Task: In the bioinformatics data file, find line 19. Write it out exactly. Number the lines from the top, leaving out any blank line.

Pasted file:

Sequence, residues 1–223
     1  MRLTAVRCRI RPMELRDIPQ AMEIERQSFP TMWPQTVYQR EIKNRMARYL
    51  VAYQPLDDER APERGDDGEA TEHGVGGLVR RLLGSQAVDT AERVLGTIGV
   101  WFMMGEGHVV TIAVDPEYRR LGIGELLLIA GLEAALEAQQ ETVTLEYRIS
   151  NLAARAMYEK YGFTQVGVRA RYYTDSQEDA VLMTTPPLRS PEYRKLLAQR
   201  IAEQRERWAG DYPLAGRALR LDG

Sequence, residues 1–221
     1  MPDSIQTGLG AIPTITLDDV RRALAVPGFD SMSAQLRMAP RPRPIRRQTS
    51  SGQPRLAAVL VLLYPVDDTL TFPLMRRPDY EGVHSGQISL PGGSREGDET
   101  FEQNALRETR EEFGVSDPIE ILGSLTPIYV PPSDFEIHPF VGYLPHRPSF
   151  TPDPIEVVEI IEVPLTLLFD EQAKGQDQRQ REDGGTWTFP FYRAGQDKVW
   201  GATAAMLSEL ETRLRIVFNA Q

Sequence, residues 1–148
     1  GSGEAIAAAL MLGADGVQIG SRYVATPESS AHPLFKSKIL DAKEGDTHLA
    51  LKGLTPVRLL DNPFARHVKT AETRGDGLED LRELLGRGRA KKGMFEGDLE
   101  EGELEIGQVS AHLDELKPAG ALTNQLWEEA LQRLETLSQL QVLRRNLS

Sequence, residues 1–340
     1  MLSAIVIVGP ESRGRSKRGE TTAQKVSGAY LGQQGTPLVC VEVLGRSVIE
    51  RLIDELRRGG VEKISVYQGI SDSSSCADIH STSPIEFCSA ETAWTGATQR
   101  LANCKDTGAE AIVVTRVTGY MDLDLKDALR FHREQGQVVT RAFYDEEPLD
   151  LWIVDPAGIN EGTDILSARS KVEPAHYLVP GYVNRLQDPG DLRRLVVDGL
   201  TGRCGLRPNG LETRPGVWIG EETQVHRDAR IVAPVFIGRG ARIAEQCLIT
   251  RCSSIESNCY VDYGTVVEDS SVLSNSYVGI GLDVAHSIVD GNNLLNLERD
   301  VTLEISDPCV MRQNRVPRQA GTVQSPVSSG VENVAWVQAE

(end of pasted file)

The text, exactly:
    51  RLIDELRRGG VEKISVYQGI SDSSSCADIH STSPIEFCSA ETAWTGATQR